Two dozen of us from 13 countries are hunkered down in San Franciso for the next two days to develop a strategy for implementing an e-infrastructure to better deal with environmental changes and extreme hazardous events, worldwide.
The workshop is organized and hosted by the National Science Foundation as part of the Belmont Forum initiative. The Forum is a relatively new agreement among 13 countries so far, through their national science and environmental funding agencies, to carry out collaborative research projects.
A mission of the Belmont Forum is to "deliver knowledge needed for action to avoid and adapt to detrimental environmental change including extreme hazardous events."
According to the group's charter, this requires:
Assessments of risks, impacts and vulnerabilities, through regional and decadal-scale analysis and prediction
Information on the state of the environment, through advanced observing systems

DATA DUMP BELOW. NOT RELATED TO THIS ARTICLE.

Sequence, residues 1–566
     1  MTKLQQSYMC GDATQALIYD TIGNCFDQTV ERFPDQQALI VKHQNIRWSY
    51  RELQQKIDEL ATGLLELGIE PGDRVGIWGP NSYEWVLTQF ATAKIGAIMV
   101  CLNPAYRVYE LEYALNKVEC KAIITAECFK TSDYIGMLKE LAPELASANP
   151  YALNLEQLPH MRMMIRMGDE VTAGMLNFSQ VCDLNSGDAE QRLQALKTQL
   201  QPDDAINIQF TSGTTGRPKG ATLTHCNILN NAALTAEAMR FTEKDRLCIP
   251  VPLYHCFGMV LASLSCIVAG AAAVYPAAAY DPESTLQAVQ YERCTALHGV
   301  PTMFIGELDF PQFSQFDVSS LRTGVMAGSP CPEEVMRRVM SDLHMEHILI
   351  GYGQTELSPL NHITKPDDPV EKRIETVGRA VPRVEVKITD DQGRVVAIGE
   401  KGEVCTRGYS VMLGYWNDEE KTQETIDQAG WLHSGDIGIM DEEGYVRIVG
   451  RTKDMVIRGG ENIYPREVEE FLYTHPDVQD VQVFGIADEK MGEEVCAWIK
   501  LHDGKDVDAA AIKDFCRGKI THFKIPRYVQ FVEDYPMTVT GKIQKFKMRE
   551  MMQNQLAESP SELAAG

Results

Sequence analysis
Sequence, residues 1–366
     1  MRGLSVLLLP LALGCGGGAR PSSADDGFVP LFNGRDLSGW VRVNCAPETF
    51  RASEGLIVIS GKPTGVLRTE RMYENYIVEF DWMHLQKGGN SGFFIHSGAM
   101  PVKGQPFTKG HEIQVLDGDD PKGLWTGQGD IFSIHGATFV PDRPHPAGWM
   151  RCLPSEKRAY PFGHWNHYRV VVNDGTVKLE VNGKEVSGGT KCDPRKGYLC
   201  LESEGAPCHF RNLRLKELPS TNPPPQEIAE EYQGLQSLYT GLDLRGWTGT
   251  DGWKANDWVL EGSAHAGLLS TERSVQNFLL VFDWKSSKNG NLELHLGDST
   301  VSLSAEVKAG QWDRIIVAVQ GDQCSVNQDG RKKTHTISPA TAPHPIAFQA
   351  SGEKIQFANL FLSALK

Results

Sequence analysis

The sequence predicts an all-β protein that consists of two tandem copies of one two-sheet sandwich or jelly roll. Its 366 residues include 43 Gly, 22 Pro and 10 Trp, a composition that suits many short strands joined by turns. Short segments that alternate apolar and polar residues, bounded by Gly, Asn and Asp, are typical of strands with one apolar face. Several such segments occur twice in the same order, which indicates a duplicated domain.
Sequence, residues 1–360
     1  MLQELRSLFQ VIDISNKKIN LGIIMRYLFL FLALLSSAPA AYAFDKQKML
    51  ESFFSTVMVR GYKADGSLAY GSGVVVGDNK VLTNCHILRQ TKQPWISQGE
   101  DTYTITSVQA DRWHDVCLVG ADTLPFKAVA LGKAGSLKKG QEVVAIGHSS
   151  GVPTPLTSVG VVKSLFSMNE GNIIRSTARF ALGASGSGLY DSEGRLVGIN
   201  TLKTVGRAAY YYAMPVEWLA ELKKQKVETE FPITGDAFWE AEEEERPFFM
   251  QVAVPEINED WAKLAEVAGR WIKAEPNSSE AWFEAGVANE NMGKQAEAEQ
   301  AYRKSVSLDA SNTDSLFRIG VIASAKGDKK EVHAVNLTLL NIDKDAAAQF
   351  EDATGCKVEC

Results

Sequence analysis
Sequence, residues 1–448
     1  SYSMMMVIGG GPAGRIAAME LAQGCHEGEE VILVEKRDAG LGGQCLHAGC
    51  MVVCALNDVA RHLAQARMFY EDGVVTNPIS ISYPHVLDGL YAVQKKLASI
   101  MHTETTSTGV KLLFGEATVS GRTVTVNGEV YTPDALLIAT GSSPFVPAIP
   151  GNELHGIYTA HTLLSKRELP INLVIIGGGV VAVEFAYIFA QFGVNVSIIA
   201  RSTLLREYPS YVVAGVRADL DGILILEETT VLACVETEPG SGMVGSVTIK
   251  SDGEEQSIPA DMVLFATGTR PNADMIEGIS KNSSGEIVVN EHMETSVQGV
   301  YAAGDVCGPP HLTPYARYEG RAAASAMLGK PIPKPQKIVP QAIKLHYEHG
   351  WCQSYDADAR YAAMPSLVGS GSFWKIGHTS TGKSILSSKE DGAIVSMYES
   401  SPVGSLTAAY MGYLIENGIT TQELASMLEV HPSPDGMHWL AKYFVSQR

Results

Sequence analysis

Interaction of natural and social sciences
Enhanced environmental information service providers to users
Effective international coordination mechanisms
Current members of the Belmont Forum are: Australia, Austria, Brazil, Canada, France, European Commission, Germany, Japan, India, Norway, South Africa, UK, USA, International Council for Science (ICSU), and International Social Sciences Council (ISSC).
My role here is as chair of the NSF EarthCube Governance Steering Committee and co-chair of the US Geoscience Information Network (USGIN), among other responsibilities.